(Note: This is the first in a series of interviews with athletes who will be competing at the first-ever winter Youth Olympic Games in Innsbruck, Austria this winter.)
The North American Rollerski Biathlon Championships, held in Jericho, Vermont last month, were the last in a series of qualifying races for U.S. athletes hoping to compete at the Youth Olympic Games (YOG) in January. While YOG as a whole includes athletes ranging from 14 to 19 years of age, skiers and biathletes must be born in 1994 or 1995 to be eligible for competition, which includes the high-level debut of a mixed cross-country and biathlon relay event.
After nine races in the qualifying series, Sean Doherty of Conway, New Hampshire had racked up six victories and sat atop the list of 20 boys who had entered at least one of the races. Of the four team members selected by USBA Doherty is the only one with international race experience; this year he represented the U.S. at World Junior Championships even though he was actually a year younger than the defined age of a youth. While competing against boys up to three years older, he raced his way from 50th starting position (based on sprint results and time gaps) to 37th in the pursuit.
Doherty only competed in a single Junior Olympic Qualifier and doesn’t have a USSA license, but he’s no slouch on the trails. Instead of aiming for the national scene, he skis for his high school team while also focusing on biathlon. Last he skied to victory in the New Hampshire Series, the biggest ski race in the state, while representing Kennett High School. Then, as a member of the “Live Free or Die” state’s high school squad, he swept all three individual races and the relay at the NENSA J2 Festival and helped New Hampshire secure third place.
FasterSkier caught up with the talented Granite Stater after he was nominated to the team.
FasterSkier: Can you tell me a little bit about your history as a skier?
Sean Doherty: I have been skiing nordic and alpine since I was four. My neighbors introduced me to skate skiing when I was seven. I also love telemark skiing and started this when I was nine.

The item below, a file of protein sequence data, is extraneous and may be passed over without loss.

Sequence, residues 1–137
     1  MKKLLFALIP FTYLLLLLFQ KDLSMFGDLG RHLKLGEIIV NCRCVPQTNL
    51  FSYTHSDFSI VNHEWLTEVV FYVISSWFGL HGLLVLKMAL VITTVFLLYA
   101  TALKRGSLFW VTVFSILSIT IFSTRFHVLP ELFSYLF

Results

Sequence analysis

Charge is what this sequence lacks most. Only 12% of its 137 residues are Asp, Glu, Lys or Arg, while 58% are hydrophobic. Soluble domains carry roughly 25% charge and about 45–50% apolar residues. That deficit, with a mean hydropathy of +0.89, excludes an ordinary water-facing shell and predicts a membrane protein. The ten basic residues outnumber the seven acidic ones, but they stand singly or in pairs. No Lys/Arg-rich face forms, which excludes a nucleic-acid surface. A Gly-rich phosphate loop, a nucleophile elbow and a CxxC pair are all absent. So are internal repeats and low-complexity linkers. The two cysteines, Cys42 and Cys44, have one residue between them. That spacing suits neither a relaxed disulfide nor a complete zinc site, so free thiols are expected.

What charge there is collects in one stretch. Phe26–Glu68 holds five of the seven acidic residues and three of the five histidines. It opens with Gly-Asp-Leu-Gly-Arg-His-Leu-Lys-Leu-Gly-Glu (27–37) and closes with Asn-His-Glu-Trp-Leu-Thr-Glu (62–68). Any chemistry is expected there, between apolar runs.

FS: What made you want to take up biathlon?
SD: I have friends who have competed or who still compete and I thought it was interesting – I enjoyed the added challenge and the nice people I met.
FS: Am I right in thinking that you don’t have a biathlon club where you live? How do you train and get coaching?
SD: You are right, there are no biathlon clubs in this area. I did a couple of Maine Winter Sports Center camps. I now work with Algis Shalna out of Jericho, Vermont. I train over there when I can. I am a member of the Saratoga Biathlon Club, Mount Washington Nordic and Eastern Slope Ski Club. All these clubs have been very supportive.
FS: It seems like last year you prioritized biathlon more than skiing; how did you focus on biathlon with relatively few resources in New Hampshire?
SD: Biathlon is all about skiing. I enjoy all nordic sports – classic, skate and biathlon. I don’t feel I have limited resources living where I do. I get great support from my local clubs, and support with training through the USBA and the National Guard in Jericho VT. I still race for my high school when I can and really enjoy all kinds of local races when they are available.
FS: Of all the members of the team, you’re the only one who raced at World Juniors. How was that experience and how do you think it prepared you for the Youth Olympics?
SD: I think it was beneficial to get international competition under my belt. The racing experience at the World Juniors was fun.
FS: It’s pretty unusual for athletes to know this far ahead of time that they have made the team for a major international event. Has this changed your plans for the summer, fall, and early winter at all?
SD: No, you still need to be ready to race in January whether it is in Austria, New Hampshire or somewhere else.
FS: Not all of the teams have been announced yet, but here are some pretty fierce athletes already named to their country’s rosters. How are you feeling about the competition?
SD: Your competition is going to be your competition. This is a new year and lots can change. I don’t focus on the other competitors. I just focus on my race.
FS: What are you looking forward to most about the trip?
SD: It will be pretty exciting to go to Austria and be part of the first Youth Olympic Games. I just want to race at the highest level. That’s why I’m going there.